In battle of PGA v. ADA, golfer John Daly gets an accommodation

Turns out even the PGA (the Professional Golfers Association) falls under the auspices of the ADA (the Americans with Disabilities Act), which apparently offers no mulligans the second time around.

According to the published reports, pro golfer John Daly has been granted permission by the PGA to ride in a cart during competition in this week’s PGA Championship at Bethpage Black, on Long Island, NY. 

The pro golfing circuit has long required players to walk the course, with a caddy to tote the bag. Daly won this event in 1991 and so, has a lifetime exemption to play in the tournament, one of professionals golf’s four major tournaments.

Daly suffers from osteoarthritis in his right knee. He withdrew from the U.S. Senior Open last year after his request for a cart under the ADA was denied. Daly’s knee problems also sidelined him from the Open Championship. He regularly tees it up on the senior circuit, known as the Champions Tour, which allows players to use golf carts.

The last player to use a cart during a major was Casey Martin at the 2012 U.S. Open. Martin fought the PGA Tour for the right to ride in tournaments through the ADA, ultimately winning his suit. Martin also used a cart at the 1998 U.S. Open.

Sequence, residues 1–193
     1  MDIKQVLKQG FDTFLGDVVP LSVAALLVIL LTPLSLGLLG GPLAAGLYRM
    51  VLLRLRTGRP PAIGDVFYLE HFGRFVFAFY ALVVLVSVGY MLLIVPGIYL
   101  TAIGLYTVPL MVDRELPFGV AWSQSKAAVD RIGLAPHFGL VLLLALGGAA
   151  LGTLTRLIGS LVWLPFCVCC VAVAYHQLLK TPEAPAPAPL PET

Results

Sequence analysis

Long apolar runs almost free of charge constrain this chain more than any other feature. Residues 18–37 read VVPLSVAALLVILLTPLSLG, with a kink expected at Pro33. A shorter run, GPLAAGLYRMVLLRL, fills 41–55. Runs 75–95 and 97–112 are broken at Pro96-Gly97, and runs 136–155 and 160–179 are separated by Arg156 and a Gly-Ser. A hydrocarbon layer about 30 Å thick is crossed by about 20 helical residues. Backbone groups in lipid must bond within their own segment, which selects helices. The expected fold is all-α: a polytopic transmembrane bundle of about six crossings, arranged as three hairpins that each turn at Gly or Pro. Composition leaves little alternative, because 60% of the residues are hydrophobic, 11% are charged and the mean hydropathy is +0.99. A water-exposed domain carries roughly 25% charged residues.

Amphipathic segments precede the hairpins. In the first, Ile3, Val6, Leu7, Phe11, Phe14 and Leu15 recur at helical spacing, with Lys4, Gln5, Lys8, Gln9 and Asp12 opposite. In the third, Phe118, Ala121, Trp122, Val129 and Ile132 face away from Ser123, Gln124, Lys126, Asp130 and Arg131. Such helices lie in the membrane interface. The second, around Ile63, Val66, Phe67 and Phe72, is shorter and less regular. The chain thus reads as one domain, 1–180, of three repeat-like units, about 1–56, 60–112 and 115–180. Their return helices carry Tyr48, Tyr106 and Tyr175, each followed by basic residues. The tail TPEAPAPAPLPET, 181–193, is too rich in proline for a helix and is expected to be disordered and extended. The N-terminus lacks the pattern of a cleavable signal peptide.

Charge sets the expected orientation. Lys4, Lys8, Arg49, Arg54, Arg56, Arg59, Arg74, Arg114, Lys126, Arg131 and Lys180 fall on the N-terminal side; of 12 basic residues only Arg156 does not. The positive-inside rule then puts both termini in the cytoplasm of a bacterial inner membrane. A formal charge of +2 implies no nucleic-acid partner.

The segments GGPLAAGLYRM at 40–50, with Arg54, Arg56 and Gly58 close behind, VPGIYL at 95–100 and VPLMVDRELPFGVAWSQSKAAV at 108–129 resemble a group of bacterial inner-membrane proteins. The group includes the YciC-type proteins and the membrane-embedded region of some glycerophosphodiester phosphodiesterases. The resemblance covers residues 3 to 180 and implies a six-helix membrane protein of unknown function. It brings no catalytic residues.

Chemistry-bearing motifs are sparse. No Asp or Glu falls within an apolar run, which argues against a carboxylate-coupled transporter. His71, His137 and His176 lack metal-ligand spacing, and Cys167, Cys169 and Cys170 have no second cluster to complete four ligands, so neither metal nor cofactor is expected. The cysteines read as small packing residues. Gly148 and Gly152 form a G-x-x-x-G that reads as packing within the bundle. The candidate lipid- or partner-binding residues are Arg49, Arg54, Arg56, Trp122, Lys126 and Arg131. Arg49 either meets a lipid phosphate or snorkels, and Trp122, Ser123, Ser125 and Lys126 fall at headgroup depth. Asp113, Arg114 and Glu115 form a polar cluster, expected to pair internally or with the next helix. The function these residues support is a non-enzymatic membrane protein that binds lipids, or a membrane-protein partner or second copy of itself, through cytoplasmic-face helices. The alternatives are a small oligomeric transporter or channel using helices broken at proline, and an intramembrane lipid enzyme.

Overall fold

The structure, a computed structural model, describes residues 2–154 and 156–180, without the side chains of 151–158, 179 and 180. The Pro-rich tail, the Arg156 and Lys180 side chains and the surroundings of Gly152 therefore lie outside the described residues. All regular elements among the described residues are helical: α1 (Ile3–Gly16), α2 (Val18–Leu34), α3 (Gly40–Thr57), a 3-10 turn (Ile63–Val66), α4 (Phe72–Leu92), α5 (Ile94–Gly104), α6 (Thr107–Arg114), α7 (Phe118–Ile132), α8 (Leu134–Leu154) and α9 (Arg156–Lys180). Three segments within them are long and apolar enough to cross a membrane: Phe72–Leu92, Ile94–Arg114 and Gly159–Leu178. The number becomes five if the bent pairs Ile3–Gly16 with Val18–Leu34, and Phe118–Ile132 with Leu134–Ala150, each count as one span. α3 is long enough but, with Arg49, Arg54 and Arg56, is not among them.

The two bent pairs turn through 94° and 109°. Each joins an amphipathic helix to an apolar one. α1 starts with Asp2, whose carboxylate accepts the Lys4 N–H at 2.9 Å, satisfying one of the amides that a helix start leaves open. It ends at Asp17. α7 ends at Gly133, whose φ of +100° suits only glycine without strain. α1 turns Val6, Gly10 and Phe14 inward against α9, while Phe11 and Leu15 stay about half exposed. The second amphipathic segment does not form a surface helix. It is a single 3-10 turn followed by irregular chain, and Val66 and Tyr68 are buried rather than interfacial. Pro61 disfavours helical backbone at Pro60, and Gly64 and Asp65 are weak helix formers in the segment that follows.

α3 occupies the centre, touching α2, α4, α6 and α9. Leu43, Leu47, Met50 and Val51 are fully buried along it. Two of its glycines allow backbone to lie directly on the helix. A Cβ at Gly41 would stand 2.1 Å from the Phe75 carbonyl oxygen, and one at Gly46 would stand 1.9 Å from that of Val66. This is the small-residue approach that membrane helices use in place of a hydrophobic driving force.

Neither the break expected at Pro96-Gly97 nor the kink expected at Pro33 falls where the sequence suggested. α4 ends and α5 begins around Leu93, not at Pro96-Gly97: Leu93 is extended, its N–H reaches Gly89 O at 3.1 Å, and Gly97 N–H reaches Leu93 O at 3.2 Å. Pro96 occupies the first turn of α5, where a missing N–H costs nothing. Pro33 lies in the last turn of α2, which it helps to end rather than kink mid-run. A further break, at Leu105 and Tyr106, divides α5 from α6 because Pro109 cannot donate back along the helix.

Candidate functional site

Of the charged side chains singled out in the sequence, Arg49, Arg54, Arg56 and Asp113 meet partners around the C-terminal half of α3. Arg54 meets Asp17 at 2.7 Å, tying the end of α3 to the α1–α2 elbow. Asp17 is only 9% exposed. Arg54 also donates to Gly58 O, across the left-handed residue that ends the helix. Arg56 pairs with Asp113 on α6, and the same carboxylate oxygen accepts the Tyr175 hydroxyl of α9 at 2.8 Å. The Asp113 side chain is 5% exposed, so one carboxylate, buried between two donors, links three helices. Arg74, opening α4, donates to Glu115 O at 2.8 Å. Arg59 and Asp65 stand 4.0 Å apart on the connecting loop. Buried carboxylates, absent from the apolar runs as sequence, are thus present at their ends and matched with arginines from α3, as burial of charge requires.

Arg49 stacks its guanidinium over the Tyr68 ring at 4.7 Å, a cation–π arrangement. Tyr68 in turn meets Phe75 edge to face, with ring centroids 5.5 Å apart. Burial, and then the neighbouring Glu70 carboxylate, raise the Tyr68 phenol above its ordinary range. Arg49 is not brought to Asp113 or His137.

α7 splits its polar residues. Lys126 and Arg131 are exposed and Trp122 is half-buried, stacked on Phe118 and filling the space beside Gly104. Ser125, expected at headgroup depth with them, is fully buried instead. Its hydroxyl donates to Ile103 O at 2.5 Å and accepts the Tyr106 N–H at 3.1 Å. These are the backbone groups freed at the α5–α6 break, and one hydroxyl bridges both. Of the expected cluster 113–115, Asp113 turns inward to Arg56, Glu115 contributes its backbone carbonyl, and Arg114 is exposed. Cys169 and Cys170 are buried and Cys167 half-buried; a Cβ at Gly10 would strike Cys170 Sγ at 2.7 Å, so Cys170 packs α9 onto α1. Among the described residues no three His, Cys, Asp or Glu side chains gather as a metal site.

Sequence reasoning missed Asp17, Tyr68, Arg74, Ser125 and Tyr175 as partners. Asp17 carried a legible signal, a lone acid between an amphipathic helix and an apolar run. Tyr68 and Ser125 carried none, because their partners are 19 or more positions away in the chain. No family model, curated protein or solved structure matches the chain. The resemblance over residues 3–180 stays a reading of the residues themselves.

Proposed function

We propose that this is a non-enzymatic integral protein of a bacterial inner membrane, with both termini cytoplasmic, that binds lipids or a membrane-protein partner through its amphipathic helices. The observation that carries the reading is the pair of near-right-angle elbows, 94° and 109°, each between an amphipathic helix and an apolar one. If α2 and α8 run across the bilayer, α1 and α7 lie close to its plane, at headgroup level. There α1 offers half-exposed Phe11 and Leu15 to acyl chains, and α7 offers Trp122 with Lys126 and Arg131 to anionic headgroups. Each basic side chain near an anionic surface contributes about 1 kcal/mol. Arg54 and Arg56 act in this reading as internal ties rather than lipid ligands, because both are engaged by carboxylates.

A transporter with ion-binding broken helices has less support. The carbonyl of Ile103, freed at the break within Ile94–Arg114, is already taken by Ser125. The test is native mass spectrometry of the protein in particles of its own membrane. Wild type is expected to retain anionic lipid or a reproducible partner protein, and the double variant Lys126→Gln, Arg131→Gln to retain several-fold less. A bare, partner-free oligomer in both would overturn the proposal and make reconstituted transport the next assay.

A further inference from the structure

Daly, 53, a rotund and colorful figure on the tour, epitomizes the image of the overweight, chain-smoking, beer-guzzling golfer. He’s made just one cut at the PGA Championship since 2007, finishing tied for 12th as Kiawah Island in 2012. He lasted played Bethpage Black in competition at the 2002 U.S. Open, and tied for 70th.

The PGA Championship opens May 16.

Rich Henson
Rich Henson, a member of the HRMorning staff, has spent the past two decades developing potent HR and Management content that helps guide successful leaders forward with confidence. He is a former editor and reporter with The Philadelphia Inquirer.